A reversal of a declining trend in retail inflation in August and a sharp slowdown in industrial growth in July presented a double whammy for the government just when it thought price pressure had come down to a more manageable level, and hoped to step up focus on growth. For the central bank, the struggle to tame inflation while ensuring a ‘soft landing’ for the economy may turn out to be longer than indicated in recent commentary.
According to the official data released on Monday, inflation based on the consumer price index (CPI) rose to 7% in August from 6.71% in the previous month. Industrial output growth hit a four-month trough of 2.4% in July, partly due to the waning of a favourable base effect. Both the gauges beat, for the worse, analysts’ expectations.
With the base effect turning adverse, retail inflation may remain under pressure until November if the easing trajectory of global commodity prices reverses, especially due to supply shocks, analysts reckon. Some analysts expect it to inch up further to 7.1-7.2% in September.
With inflation rising again and remaining above its medium-term target of 2-6% for an eighth straight month, the Reserve Bank of India (RBI) is unlikely to sharply cut the extent of its expected rate hike later this month (each of the last three increases has been to the tune of 50 basis points).
This is despite the fact that CPI inflation will likely undershoot the central bank’s 7.1% forecast for the second quarter.
The slowdown in the IIP growth in July is also unlikely to convince the central bank to soften its inflation-control measures yet, more so when advanced economies have sharply hiked their rates (the European Central Bank last week raised the rates by a record 75 basis points), some analysts feel.
Of course, analysts still believe India’s retail inflation has peaked (it hit as high as 7.79% in May) and the latest print is partly driven by the fading of a conducive base effect.
A particular area of concern in the latest inflation print has been food inflation, which accelerated to 7.6% in August, from 6.7% in July. The jump was driven by elevated price pressure in cereals, vegetables, spices and fruit. Wheat inflation remained in the double digits, despite a ban in May. With paddy areas falling short of expectations, cereal inflation may continue to pose upside risks to headline inflation in the coming months.
While the government has imposed curbs on certain varieties of rice exports to keep local supplies steady, it may have to initiate more supply-side measures to ease price pressure in food, especially in spices where the inflation was as high as 14.9% in August.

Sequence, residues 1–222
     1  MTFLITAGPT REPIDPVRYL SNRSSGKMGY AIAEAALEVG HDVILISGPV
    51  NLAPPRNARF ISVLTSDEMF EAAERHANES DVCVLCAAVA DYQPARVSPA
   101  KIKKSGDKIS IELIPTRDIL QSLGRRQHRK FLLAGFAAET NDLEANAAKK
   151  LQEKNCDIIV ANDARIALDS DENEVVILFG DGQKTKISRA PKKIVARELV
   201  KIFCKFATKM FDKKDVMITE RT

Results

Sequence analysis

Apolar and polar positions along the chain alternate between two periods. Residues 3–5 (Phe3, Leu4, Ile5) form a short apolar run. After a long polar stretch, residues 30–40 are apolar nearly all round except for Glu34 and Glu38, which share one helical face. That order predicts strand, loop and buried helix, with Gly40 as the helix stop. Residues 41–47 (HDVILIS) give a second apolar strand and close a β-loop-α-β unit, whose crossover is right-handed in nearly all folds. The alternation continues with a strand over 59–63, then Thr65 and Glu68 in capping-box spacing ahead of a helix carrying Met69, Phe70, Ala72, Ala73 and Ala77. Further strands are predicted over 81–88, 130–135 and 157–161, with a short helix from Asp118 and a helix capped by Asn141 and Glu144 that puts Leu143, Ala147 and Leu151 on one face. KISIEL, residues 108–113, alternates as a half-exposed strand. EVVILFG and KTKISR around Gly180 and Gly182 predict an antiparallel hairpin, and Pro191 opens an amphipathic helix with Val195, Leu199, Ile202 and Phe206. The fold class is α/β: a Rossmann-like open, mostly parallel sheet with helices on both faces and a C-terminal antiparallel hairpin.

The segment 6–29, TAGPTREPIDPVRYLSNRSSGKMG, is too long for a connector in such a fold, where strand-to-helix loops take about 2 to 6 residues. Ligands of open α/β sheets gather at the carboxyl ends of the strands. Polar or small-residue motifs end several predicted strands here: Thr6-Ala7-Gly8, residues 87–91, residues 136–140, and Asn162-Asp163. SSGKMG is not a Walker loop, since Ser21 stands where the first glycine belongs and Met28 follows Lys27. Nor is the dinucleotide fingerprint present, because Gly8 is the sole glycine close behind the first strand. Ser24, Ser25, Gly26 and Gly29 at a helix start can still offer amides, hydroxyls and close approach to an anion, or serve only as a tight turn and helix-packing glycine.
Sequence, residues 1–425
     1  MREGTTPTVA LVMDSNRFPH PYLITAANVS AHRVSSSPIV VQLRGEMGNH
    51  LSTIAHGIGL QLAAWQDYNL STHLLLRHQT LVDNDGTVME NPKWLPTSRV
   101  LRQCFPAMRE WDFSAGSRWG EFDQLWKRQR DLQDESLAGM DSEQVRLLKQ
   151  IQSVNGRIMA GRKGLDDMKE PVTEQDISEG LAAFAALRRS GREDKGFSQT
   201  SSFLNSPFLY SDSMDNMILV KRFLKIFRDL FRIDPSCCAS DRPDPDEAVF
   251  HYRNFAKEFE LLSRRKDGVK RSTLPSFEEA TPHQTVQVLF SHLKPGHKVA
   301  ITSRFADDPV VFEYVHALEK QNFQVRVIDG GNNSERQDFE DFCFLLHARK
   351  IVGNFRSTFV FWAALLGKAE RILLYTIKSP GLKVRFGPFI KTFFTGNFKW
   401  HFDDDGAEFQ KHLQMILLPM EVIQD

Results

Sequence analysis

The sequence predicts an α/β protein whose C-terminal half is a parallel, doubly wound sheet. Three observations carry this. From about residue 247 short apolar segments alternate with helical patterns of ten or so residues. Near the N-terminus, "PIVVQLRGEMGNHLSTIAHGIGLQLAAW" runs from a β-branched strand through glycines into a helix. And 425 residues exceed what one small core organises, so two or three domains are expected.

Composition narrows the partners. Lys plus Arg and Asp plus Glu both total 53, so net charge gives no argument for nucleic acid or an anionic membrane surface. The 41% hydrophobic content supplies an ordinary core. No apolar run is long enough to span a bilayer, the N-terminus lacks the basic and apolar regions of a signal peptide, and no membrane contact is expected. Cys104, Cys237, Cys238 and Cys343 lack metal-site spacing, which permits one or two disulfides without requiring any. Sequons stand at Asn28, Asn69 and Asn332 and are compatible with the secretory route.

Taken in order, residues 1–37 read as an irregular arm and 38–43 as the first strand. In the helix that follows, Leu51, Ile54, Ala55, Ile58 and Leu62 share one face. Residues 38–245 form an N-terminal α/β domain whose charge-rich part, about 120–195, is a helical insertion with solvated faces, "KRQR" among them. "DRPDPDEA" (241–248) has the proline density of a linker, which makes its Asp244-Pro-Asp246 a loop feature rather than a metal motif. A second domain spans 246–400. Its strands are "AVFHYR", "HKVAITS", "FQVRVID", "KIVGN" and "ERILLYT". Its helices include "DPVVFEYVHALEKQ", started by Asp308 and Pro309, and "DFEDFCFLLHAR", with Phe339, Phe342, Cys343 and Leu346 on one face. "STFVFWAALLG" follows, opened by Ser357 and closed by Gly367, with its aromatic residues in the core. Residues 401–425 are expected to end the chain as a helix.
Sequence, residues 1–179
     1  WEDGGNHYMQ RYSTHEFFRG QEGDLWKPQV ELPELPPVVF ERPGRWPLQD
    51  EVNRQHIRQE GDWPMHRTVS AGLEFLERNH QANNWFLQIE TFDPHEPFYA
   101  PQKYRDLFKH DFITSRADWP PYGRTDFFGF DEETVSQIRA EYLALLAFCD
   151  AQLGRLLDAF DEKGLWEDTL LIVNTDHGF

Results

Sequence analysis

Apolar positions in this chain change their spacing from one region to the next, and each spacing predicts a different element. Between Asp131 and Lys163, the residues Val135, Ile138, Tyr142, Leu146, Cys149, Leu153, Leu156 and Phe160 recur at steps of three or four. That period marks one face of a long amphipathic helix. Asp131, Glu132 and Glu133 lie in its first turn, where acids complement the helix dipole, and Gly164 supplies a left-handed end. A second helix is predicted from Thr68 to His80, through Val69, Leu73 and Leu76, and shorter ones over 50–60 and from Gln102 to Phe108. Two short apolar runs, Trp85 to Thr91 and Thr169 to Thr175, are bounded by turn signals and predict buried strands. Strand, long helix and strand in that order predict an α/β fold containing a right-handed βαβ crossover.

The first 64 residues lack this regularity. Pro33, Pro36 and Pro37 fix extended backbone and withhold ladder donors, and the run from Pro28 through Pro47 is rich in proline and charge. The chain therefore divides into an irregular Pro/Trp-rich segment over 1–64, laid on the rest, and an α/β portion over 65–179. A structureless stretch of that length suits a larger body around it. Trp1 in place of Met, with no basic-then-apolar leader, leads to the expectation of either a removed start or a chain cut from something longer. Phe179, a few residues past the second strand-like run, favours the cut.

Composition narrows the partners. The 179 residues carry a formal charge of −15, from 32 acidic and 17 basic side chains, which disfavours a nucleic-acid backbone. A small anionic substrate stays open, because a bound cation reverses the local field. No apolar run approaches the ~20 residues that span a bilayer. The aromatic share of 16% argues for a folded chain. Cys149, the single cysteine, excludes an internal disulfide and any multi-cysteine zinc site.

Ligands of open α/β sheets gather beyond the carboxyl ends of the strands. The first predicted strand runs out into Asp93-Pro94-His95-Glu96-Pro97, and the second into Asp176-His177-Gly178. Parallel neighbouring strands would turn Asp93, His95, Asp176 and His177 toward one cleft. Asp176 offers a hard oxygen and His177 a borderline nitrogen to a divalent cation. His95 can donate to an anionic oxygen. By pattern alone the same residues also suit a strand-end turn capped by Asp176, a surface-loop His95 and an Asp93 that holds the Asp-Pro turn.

Also, as economists at India Ratings pointed out, higher cereals inflation in rural areas compared to urban areas since June 2021 is adversely impacting rural demand when nominal rural wage growth is lower than rural inflation (which hit 7.15% in August). “This implies squeezing of rural household purchasing power, which is getting reflected in the subdued growth in the consumer non-durables segment of the index of industrial production. The output in this segment declined by 2% in July,” they said.
Crisil chief economist DK Joshi said, “The uptick in overall inflation in August, particularly the sharp jump in food inflation, suggests price pressures remain. On the core inflation side, even as input cost pressures have eased for producers, they are expected to pass-on the costs to consumers amid demand recovery (particularly in the services component on CPI).” Joshi expected retail inflation to hit 6.8% in FY23, against 5.5% last year.
Core retail inflation rose to 5.95% in August from 5.75% in the previous month. With this, it has remained above the 5%-mark for 27 consecutive months, according to an India Ratings estimate.
Aditi Nayar, chief economist at Icra, said: “Notwithstanding the undershooting in the GDP growth relative to the MPC’s projections for Q1 FY23, and the expectation of a slightly lower-than-projected CPI inflation print for Q2 FY23, we now foresee a higher likelihood that the MPC will stick to the new normal rate hike of 50 bps in its September meeting.”
Fears of a global recession and fresh geopolitical uncertainties have led to a correction in commodity prices from the peaks seen in mid-June. This would augur well for easing domestic input cost pressures and the core-CPI inflation in the next few months, Nayar had said earlier. “In contrast, the robust domestic demand for services poses risks, given its significant share in the CPI basket (services: +23.4%), and hence, remains a key monitorable, along with the significant lag in kharif sowing of rice,” she had said.